That’s the kind of thing that I just love digging up and discovering.
Hugoton Airport (KHQG), just north of the Oklahoma border, has a big 5,000 foot runway and a smaller 2,626 foot one.
In 1952 a Braniff DC-4 en route from Denver to Dallas made an emergency landing here with an engine fire. When the plane burned to the ground after landing there were some injuries, but no fatalities. Favorite comments from the incident report are, “…one of the hostesses advised the crew that the right wing was on fire,” and, “the nr. 3 engine fell from the aircraft and a pronounced buffeting was experienced.” Sounds like the captain did a hell of a job that day!
The airport in Lake Havasu City, Arizona (KHII) can be seen just to the right of center. While I’ve never flown in there (one of these days, it’s going to happen) I’ve driven by a couple dozen times, having been a regular visitor to Lake Havasu in the past. The Colorado River runs from top to bottom in this view, with California on the left, Arizona on the right, and Lake Havasu in the middle, formed by the backup in the Colorado River caused by the Parker Dam (just out of view to the lower left).
Ontario International (KONT), on final approach into Los Angeles International (LAX) but still about fifty miles out, in San Bernardino County. Ontario is a commercial airport, capable of handling all of the big jets. It’s fun to land a Cessna there, you could almost land sideways on the runway they’re so wide. It’s also fun to be out taxiing around with jumbo jets – as long as they don’t roll right over you or suck you into an engine. (Unlikely, but…)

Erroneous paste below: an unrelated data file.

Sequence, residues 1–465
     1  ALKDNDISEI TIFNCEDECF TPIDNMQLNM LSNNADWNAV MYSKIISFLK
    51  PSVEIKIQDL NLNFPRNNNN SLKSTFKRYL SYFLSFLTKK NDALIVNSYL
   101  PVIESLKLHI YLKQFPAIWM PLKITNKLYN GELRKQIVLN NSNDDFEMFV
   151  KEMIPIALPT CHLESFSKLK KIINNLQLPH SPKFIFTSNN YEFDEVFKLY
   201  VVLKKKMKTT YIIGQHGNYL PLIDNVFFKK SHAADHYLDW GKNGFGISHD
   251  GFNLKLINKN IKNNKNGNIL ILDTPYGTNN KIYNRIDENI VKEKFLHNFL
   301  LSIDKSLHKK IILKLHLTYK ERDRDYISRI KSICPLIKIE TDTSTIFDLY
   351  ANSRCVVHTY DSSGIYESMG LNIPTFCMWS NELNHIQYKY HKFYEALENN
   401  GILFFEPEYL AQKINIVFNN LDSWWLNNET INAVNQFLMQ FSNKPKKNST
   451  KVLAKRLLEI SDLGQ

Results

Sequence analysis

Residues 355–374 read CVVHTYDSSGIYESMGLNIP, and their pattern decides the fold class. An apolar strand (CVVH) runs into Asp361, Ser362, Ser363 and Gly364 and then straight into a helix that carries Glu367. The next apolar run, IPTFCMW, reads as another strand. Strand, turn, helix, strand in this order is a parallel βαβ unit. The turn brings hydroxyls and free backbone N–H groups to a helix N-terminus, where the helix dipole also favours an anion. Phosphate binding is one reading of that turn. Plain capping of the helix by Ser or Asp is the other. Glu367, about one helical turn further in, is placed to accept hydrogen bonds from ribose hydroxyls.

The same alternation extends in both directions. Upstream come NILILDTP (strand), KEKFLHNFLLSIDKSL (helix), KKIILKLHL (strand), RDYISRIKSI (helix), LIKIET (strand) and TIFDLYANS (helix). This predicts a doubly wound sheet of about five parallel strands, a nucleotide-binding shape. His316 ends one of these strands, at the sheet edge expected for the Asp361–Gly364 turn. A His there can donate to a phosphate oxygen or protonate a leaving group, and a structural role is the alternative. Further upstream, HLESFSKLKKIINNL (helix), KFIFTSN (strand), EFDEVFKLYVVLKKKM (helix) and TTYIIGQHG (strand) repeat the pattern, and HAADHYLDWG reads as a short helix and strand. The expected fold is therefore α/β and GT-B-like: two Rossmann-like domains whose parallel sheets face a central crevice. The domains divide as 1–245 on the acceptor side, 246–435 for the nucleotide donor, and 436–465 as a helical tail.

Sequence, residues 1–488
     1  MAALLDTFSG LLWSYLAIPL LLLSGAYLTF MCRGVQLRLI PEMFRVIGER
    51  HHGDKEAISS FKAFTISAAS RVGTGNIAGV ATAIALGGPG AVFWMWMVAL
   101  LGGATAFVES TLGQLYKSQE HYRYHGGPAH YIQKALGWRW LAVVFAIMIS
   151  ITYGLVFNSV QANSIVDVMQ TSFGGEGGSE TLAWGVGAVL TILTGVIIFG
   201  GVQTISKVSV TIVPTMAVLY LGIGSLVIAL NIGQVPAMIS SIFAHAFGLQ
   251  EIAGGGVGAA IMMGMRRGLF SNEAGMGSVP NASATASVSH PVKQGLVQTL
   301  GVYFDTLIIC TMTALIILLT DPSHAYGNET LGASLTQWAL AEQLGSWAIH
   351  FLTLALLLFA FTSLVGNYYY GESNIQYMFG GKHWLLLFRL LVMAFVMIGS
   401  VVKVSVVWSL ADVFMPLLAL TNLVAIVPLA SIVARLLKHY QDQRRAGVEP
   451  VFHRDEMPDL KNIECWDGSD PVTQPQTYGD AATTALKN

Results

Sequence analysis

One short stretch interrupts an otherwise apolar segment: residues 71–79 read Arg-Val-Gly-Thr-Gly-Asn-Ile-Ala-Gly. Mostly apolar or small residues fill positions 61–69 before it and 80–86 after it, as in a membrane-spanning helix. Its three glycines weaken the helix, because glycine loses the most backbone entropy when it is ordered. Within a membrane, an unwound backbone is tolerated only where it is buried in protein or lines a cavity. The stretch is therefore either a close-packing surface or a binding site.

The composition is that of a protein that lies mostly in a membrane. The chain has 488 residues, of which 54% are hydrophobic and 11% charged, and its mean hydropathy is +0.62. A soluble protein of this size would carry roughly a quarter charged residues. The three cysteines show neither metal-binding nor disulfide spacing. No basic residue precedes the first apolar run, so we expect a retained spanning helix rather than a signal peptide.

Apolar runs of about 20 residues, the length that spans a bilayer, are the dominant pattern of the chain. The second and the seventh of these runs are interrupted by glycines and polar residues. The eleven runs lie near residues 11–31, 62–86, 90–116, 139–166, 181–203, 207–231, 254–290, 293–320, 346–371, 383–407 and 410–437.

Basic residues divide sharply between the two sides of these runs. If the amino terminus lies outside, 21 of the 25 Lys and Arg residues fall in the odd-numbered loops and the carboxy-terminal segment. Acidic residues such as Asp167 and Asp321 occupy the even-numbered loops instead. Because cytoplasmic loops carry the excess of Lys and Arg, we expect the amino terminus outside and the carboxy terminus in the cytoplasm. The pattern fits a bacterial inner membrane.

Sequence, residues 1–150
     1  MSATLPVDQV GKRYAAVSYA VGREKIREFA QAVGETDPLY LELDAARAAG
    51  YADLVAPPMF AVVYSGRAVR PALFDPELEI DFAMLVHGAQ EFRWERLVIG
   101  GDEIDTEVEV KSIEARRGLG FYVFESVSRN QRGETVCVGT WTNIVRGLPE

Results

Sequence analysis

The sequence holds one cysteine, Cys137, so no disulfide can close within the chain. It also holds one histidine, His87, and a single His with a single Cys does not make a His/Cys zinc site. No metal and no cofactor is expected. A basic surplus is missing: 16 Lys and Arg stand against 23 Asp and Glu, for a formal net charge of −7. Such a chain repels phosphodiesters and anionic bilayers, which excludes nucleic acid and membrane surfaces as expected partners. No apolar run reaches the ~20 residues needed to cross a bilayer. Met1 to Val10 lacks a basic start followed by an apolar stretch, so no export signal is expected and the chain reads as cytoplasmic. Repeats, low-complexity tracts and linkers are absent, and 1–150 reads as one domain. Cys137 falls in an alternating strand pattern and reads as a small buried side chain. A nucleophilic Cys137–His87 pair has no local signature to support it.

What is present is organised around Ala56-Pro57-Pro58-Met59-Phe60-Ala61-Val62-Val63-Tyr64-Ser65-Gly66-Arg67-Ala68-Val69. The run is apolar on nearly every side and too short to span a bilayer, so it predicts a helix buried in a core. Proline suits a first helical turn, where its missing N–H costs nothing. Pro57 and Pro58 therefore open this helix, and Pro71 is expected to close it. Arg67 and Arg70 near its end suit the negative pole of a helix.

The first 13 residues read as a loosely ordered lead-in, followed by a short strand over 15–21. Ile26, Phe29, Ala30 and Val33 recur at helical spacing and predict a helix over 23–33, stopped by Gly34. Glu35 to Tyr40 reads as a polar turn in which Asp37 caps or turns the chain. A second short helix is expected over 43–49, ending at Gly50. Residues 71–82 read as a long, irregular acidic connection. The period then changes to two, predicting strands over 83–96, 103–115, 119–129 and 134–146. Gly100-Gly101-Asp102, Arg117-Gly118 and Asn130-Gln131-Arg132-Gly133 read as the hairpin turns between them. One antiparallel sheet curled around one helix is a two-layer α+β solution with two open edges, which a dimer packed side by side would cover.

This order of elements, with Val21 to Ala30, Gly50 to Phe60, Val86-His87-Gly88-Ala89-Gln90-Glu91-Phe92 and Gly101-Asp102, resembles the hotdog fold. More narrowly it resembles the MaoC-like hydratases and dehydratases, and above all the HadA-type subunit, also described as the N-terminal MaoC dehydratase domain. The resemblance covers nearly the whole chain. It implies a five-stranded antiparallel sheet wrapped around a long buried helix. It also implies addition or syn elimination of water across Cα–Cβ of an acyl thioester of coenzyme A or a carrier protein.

Over the Los Angeles megalopolis, you can see a handful of small general aviation airports where once there were dozens and dozens. Just to the upper left of center here you can see Cable Airport (KCBB) in Upland. It’s a charming place to fly into, even if it’s only to have a “$100 hamburger” at Maniac Mike’s Cafe.
To clarify for the non-pilots, the food doesn’t cost $100. Pilots have to fly regularly to stay current, and flying around in a circle at your home airport doing touch-and-goes, while it will qualify, is sort of boring. Instead, pick a place and go for lunch. Lots of small airports have restaurants or cafes and it’s much more fun (and better practice) to fly somewhere different. It helps to keep you sharp on your navigation, radio skills, landing and taking off in different conditions and circumstances, and so on. But, by the time you fly off for a half-hour to an hour (Cable is about twenty minutes from my usual “home” airport, Whiteman) and then fly back, it can cost about $100 for fuel, plane rental, insurance… Thus, the “$100 hamburger.”
All of this makes me wonder – how can people NOT be looking out of the windows on a cross-country commercial flight? I know I’m in a very, very small minority on this one, but I’ll stick with my belief that I’m the sane one and that vast majority is the group that has forgotten how übercool it is to see the world from 38,000 feet.